“You know how in basic training they break them down so they can build them back up? I get it, I know why they have to do that,” Kanellas said. “But they need to make mental health part of the building back up.”
Military bigwigs say they’re doing this. Defense Secretary Lloyd Austin often says “mental health is health.”
And this week in his Veterans Day statement, Austin said: “We are working so hard to provide the best medical and mental health care possible for those whose military service has concluded. We must prove capable of treating the wounds we see, as well as the ones we cannot see.”
But that message hasn’t trickled down to the troops.
Santiago had a high-level security clearance in his new role as an Air Force flight attendant for the nation’s biggest VIPs, stationed at Joint Base Andrews, where he was president of a base council and mentor to many.
“He was so driven, so hard-working,” said Edisson Naranjo-Mejia, 31, one of Santiago’s closest friends. “But he always had this shell. And he had it for three reasons.”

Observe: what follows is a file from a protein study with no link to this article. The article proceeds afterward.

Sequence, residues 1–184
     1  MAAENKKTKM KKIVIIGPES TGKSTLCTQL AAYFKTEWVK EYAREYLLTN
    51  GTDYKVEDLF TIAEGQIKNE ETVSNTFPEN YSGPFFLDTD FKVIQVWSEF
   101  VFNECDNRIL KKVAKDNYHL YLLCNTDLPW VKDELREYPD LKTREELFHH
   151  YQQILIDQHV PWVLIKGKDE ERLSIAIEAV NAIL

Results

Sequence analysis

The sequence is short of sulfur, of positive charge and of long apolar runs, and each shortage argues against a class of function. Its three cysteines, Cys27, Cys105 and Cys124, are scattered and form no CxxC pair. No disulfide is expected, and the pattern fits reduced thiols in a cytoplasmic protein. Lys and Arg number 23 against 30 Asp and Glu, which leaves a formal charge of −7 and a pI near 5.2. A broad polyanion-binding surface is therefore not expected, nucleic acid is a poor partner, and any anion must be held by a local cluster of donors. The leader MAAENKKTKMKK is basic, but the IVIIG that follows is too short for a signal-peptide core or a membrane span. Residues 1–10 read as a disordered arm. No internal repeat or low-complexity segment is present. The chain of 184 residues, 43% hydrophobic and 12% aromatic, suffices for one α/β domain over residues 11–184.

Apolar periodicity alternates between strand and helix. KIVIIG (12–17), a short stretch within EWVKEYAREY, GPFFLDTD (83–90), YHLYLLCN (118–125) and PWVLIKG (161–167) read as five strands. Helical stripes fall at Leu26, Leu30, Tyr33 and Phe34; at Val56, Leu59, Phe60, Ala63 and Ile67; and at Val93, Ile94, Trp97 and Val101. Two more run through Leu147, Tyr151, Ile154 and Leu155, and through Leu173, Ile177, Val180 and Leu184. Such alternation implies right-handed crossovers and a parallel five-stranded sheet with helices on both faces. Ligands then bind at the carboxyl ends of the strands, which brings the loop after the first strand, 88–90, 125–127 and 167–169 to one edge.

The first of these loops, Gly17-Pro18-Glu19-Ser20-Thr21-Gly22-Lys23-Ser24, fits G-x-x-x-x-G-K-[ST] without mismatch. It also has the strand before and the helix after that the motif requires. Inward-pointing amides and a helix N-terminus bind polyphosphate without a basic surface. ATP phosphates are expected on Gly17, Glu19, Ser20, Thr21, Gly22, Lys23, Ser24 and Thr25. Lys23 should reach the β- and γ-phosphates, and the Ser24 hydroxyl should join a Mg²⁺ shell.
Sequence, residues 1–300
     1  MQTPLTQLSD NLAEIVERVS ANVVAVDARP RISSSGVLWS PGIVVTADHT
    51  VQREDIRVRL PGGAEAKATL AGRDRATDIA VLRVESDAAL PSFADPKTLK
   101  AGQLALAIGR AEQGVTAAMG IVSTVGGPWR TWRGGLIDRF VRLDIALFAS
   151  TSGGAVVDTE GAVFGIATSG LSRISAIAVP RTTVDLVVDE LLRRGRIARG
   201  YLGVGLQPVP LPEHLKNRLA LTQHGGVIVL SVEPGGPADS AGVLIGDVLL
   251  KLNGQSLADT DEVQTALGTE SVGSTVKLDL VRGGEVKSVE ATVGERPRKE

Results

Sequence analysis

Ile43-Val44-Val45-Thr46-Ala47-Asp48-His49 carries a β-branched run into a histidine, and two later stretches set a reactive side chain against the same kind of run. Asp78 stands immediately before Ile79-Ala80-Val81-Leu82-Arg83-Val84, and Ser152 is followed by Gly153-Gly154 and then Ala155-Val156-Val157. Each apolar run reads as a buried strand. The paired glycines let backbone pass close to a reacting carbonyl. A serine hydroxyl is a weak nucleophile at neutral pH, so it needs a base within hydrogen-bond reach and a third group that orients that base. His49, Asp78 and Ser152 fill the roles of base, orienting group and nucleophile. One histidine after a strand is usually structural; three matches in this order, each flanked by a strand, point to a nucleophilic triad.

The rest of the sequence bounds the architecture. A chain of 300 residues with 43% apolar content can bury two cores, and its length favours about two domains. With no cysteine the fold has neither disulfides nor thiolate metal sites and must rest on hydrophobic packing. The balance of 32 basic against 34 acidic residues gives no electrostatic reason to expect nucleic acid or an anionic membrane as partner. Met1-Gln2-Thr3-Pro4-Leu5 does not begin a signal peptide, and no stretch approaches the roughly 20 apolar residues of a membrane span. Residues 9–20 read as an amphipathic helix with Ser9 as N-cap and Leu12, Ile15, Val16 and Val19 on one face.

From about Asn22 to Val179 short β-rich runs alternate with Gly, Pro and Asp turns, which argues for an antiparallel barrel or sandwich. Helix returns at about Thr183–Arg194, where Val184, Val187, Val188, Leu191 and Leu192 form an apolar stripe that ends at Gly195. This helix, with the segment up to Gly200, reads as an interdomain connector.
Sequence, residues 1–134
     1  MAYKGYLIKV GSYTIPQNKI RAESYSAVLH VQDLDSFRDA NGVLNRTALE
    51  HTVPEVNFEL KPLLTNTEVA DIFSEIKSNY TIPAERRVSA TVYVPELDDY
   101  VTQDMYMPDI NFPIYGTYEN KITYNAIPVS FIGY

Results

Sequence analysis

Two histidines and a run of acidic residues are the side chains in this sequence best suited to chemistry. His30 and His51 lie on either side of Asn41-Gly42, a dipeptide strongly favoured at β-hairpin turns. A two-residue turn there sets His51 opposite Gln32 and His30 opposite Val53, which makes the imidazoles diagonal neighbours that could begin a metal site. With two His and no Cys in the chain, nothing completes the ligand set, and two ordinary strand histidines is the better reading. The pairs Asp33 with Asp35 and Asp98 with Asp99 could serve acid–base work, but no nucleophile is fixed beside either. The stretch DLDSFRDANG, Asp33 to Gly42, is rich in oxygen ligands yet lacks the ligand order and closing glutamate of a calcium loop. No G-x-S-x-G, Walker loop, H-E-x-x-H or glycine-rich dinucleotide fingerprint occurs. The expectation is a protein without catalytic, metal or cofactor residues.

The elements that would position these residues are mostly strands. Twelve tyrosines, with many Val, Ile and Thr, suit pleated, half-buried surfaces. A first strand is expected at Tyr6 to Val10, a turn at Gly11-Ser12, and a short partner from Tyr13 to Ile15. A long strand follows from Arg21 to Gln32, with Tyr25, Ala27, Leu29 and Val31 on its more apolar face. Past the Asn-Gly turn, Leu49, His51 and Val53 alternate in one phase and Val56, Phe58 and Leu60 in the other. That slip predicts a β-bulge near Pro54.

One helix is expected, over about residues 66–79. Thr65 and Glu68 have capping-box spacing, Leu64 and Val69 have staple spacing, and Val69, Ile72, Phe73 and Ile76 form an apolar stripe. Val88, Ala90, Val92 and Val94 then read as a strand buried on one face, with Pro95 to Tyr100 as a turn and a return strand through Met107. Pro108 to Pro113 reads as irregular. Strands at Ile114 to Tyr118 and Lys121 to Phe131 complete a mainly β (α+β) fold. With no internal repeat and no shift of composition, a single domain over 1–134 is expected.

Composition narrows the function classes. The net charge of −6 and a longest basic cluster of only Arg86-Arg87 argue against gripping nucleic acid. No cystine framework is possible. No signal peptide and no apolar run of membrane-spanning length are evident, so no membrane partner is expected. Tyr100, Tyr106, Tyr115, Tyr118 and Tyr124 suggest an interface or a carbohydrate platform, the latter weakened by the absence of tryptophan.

He was male, in the military and Latino, which are three cultures that look down on vulnerability, Naranjo-Mejia said.
“He always wondered: ‘Will they take my security clearance away? If I talk to someone, will I lose my career?’ ” he said.
Naranjo-Mejia said he decided to make fighting that fear, breaking the stigma, broadcasting Santiago’s struggle and forcing conversations part of his friend’s legacy.
“Why would Kenny put a suicide note on social media? Why would he kill himself in the most public area in the country?”
He decided that Santiago did it that way to say what he couldn’t say when he was alive.
“It’s okay for a man to cry,” Naranjo-Mejia said. “It’s okay for a man to be depressed.”
It’s primarily a culture problem, said Navy veteran Grant Khanbalinov, whose motto is “It’s okay to not be okay.”
“In the service we are supposed to be fighters and suck it up, and embrace the suck,” Khanbalinov said. He didn’t know Santiago, but in his own struggles in the Navy and in his advocacy work today, he knew many like him. “If we seek help we are scrutinized for it, people start to talk, you’re looked down upon.”
Kanellas, the childhood friend, wondered if the military could treat mental health like physical health. Could counseling sessions be as mandatory as weigh-ins?
“When they join, service members write a blank check to the United States government payable with their lives,” said Shah, of Common Defense. “Offering them anything less in return for their years of service and sacrifice is unpatriotic.”
In his final post, Santiago worried about his legacy.
“On my way out, I can’t help to wonder if I ever made a difference in the world,” he wrote.
That’s up to us.
If you or someone you know needs help, call the National Suicide Prevention Lifeline at 800-273-TALK (8255). You can also text a crisis counselor by messaging the Crisis Text Line at 741741.